By Christian Scheidegger
Just recently, MacGillivray Freeman Films and IMAX Corporation announced a new alliance. The official announcement at the GSCA conference in Austin, Texas, created lively discussions amongst theatres, producers and distributors. At this moment, a lot of details, conditions and consequences of this collaboration are still unknown. This was the reason for me to write an open letter to the giant screen industry network.
Last week I attended the Swiss premiere of the film Art of FLIGHT– a state of the art production about extreme snowboarding with some of the most talented and experienced snowboarders of the world in spectacular landscapes and impressive and innovative photography. The theatre at the Swiss Museum of Transport was packed, the digital experience on the giant screen—the biggest screen in Switzerland—took in everybody with its amazing pictures, music and breathtaking rides. Tickets for this and a couple of follow up shows were sold out very quickly.
Two years ago we have started to transmit operas and ballets live and in HD to our giant screen. Tickets for the 11 shows from the Met went away immediately, more than half of the seats were sold as subscriptions for all 11 transmissions.
You can’t almost think of more diverse offers to our patrons—also compared to our traditional 45- minutes documentaries—but they both are very interesting business opportunities for our theatre and they create an additional stream of revenue at a time where there is no marketplace for classic giant screen films.
Unfortunately, I cannot tell about the same experience for most of the traditional 45-minutes documentaries we have released over the last few years. Some of them have done good numbers but we can’t reach the numbers we had ten years ago, even with enhanced marketing campaigns and augmented sales promotion activities.
During the GSCA conference in Austin Texas this September IMAX Corporation and MacGillivray Freeman Films (MFF) in a closed circle announced their future collaboration in film production and distribution. While not many details of this joint venture were revealed at that point a huge discussion amongst theatres, producers and distributors about the impact for the whole giant screen industry was set-off by this announcement of two of the big players of the industry. The following press release from IMAX and MacGillivray from September 26 did not disclose any new details about the actual plans in details.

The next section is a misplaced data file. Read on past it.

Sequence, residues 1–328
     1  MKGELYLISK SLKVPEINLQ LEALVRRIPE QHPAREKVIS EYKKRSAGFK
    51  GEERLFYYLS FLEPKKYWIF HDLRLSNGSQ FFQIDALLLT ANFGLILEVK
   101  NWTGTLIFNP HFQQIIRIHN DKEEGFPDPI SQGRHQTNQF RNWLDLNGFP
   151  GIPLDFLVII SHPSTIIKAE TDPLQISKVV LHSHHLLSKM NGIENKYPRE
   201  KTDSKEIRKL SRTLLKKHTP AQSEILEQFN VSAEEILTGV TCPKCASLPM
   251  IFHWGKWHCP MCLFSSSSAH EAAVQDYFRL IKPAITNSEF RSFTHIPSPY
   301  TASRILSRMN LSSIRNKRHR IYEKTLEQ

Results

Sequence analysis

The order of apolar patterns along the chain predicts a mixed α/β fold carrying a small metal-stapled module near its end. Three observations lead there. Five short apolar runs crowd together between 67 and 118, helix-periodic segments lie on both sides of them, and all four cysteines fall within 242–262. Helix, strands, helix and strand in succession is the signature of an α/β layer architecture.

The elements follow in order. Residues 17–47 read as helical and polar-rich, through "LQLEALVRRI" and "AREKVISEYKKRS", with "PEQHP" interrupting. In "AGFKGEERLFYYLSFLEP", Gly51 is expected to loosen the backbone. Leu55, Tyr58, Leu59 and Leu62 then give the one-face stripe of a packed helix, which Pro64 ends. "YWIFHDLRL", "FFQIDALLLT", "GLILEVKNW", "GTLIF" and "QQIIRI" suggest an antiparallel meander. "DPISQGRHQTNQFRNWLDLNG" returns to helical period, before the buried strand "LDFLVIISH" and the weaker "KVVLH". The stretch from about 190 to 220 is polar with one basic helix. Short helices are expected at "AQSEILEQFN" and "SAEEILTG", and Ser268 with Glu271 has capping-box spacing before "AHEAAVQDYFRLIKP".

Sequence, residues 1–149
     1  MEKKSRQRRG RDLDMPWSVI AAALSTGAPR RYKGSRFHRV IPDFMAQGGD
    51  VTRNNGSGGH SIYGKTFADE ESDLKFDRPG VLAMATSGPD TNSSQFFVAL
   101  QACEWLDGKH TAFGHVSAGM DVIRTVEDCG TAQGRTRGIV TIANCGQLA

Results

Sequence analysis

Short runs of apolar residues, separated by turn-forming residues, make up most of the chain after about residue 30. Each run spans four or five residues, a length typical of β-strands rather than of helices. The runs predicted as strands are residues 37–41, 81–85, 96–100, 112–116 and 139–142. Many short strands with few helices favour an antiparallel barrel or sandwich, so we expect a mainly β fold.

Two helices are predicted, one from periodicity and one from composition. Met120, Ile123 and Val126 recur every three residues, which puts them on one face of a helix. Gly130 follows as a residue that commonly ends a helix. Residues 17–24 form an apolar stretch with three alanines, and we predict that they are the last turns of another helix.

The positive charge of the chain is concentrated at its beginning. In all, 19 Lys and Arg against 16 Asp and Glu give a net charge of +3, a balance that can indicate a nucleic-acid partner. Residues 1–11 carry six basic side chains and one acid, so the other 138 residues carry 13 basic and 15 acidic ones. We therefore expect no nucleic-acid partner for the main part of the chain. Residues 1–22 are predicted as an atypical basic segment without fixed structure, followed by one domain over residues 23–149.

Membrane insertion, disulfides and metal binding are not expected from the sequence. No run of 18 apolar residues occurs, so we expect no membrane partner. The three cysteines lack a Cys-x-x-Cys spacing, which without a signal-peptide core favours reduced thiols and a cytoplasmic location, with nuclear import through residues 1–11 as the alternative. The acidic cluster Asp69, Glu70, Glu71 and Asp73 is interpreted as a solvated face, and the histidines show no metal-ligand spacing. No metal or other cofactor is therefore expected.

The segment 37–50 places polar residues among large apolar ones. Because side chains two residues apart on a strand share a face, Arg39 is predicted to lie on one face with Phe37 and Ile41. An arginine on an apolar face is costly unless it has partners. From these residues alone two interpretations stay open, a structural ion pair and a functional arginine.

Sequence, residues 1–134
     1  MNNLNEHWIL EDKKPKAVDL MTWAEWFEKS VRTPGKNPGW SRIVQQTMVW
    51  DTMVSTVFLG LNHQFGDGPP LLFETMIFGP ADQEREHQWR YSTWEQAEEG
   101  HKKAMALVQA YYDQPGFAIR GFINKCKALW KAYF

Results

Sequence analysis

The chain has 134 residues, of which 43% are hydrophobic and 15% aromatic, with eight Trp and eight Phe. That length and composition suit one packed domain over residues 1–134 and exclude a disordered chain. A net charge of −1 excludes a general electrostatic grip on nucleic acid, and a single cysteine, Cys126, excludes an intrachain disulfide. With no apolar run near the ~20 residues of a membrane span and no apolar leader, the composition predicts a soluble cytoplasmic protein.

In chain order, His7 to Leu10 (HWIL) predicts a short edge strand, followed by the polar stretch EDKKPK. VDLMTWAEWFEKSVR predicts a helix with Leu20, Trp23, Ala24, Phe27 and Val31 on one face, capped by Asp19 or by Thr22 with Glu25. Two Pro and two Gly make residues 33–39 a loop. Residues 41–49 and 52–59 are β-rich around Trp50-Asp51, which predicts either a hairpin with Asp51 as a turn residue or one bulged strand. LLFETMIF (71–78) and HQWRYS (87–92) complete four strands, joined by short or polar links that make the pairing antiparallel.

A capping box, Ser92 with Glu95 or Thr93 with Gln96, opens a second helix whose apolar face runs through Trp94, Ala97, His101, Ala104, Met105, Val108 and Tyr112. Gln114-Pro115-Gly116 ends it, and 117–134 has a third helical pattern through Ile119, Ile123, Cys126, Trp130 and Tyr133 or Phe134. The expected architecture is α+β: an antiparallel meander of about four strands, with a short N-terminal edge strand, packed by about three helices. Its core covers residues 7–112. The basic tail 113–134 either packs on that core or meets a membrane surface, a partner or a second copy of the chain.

Many theatres were asking themselves what this meant for them as film buyers. Was this a move from IMAX to tell them to wait for their proprietary digital system because otherwise they would be excluded from the access to the IMAX and MFF library? Was this a move from Greg MacGillivray to secure his life’s work? Would they still get films from IMAX and MacGillivray? What would this mean for the whole library of films of both companies? Would the respective distribution departments at MFF and IMAX be merged, laying off some of the most committed people in the industry?
According and based on the list of films published by the Giant Screen Cinema Association GSCA over all those years there have been produced and distributed 416 giant screen titles altogether (including titles not exclusively produced for the giant screen). Out of those 86 (20%) have been produced and/or distributed by IMAX Corporation, whereas MacGillivray Freeman Films has contributed 45 films (11%) to the giant screen film library so far.
A look at the last three years gives the following picture: in 2011 there are six new films released which were originally produced for the giant screen. IMAX contributed one film; no films from MFF are on the record for this year. In 2010 seven out of nine new films have been produced by neither IMAX nor MFF. In 2009 IMAX and MFF were producing one new film each, resulting in 50% of the yearly output from new films.